• custom •
kês-têm • Hear it!
Part of Speech: Noun
Meaning: 1. Traditional practice, the usual way of doing things, accepted traditions (among a specific group). 2. Habitual patronage, business, as "I took my custom away from his shop." 3. Habit, repeated practice (of one person). 4. (Adjective) Made to order: 'a custom suit'. 5. Customs The border office that checks passports and collects the duties on items imported or the duties themselves.
Notes: Ever wonder where customer came from? Well, in the UK people are accustomed to equating custom with business: "I reserve my custom for local shops." For some reason the US has abandoned this custom. The verb customize "make according to the customer's request" is based on this sense of the word on both sides of the Atlantic. The adjective for sense Nos. 1, 2, and 3 is customary and for sense No. 5, customable.
In Play: A habit should apply to individuals, while custom should apply to multiple people. However, we have confused the two so much that most dictionaries now accept them as synonyms. "It is my custom to ignore such matters", should be, "It is my habit to ignore such matters." However, making the distinction now is a lost cause.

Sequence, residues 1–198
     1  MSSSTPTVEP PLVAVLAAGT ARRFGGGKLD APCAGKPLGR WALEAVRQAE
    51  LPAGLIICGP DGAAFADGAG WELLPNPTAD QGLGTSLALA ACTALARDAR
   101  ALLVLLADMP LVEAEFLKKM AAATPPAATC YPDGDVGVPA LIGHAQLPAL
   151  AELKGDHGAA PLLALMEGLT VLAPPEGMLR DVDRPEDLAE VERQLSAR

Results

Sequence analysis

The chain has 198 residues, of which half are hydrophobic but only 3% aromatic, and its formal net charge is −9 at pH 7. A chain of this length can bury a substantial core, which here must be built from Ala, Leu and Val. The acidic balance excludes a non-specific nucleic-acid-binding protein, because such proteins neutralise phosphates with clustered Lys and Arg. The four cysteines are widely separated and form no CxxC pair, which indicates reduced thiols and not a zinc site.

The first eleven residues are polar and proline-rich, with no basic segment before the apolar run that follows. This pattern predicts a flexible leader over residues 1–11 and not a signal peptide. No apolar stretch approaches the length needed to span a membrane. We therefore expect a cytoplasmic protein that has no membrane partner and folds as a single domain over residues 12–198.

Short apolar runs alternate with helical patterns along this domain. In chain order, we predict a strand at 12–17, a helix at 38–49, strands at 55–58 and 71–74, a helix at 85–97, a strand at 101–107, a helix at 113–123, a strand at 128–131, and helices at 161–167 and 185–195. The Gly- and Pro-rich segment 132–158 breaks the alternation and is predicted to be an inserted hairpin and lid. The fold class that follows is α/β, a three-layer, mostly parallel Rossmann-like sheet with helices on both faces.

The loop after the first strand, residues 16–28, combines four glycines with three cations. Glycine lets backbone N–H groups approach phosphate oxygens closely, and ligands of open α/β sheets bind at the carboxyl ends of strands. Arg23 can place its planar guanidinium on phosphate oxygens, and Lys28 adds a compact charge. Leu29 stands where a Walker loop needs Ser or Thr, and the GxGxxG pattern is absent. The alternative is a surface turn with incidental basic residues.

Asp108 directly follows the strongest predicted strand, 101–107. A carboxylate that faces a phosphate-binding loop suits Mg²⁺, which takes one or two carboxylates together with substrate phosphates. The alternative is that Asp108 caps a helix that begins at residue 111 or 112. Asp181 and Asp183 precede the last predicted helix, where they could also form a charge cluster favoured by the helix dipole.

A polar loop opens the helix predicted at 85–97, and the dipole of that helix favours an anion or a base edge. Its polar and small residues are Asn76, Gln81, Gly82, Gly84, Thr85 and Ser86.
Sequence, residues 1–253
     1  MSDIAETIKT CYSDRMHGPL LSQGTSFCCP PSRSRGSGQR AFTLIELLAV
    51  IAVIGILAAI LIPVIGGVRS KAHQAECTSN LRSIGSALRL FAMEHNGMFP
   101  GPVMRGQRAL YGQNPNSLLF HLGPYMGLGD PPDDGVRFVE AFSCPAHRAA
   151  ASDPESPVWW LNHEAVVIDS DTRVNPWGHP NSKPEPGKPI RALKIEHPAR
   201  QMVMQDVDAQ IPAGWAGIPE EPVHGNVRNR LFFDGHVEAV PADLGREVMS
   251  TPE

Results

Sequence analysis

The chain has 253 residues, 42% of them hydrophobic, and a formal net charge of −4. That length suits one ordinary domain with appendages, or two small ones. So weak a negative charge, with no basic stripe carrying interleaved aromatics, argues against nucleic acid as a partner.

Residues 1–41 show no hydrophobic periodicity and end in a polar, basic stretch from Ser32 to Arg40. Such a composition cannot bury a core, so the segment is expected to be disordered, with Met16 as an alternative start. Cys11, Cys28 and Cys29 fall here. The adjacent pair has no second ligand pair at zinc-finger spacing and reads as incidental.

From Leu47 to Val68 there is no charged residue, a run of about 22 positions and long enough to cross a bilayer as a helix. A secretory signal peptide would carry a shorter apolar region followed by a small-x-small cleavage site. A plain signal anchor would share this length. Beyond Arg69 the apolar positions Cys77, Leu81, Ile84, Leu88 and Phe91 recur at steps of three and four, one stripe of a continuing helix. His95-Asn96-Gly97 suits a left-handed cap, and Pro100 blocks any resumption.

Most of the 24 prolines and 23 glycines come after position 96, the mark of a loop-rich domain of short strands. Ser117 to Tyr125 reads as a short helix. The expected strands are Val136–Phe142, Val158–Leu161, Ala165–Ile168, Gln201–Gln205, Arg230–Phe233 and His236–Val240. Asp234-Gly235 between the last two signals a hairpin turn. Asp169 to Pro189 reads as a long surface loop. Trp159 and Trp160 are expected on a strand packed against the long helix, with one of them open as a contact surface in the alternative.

Word History: In Middle English today's word was spelled custume from Old French costume, borrowed also "as is" by English in the sense of "the dress customarily worn by a people". French inherited this word from Vulgar Latin constum(i)n-, an idiomatic variation of Latin consuetudin-, oblique stem of consuetudo "custom". This word was based on consuetus "accustomed", the past participle of consuescere "to accustom", comprising com- "(together) with" (here an intensive prefix) + suescere "to become accustomed". Latin inherited the root from PIE s(w)e- "self". It turns up alone in Latin sui "self" which English borrowed in suicide and sui generis "unique" (its own kind). Russian svoj "one's own" and English self share the same origin. (Here is a custom "thank you" for Tomasz Kowaltowski, who suggested today's unexpectedly Good Word.)
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